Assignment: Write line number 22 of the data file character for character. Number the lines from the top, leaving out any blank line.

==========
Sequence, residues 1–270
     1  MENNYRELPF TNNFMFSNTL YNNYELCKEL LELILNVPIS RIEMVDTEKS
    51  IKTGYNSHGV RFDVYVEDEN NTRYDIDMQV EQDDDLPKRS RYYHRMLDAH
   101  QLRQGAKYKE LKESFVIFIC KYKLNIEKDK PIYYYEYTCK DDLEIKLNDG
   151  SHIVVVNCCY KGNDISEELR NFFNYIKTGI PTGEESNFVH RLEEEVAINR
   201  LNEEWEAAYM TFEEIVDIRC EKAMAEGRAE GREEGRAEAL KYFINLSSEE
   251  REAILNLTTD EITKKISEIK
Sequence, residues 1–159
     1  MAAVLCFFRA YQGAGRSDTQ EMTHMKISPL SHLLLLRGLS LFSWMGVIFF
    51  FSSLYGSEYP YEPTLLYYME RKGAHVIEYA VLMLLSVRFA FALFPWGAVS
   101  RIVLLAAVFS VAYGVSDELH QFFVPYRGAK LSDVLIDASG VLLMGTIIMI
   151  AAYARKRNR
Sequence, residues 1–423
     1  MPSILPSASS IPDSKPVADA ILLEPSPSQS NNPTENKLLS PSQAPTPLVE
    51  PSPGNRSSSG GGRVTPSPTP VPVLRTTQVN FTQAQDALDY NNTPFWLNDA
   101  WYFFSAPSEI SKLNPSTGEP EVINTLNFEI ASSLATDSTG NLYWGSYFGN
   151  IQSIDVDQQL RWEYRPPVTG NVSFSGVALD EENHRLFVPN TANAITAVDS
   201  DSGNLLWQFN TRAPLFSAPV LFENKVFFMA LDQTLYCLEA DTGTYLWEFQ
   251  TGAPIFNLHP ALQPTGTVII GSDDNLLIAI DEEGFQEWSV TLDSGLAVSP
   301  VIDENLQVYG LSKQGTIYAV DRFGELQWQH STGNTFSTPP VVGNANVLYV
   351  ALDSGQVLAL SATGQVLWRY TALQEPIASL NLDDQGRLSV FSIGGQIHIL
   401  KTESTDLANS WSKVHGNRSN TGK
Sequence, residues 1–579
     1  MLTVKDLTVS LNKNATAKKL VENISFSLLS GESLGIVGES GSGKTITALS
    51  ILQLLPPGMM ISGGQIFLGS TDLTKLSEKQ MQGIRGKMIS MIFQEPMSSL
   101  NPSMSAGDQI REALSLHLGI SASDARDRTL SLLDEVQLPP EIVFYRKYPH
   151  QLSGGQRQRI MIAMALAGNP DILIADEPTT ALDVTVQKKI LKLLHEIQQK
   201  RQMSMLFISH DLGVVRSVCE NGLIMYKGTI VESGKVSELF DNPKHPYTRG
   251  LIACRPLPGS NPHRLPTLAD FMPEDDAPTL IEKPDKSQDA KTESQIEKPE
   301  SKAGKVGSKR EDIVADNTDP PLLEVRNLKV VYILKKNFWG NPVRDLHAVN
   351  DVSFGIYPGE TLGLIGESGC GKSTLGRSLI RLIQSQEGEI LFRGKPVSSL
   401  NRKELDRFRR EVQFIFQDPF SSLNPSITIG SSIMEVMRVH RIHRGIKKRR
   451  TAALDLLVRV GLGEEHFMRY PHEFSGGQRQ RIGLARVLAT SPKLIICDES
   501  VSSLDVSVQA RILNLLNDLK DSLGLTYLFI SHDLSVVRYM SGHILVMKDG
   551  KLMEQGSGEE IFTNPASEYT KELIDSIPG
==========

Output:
   401  KTESTDLANS WSKVHGNRSN TGK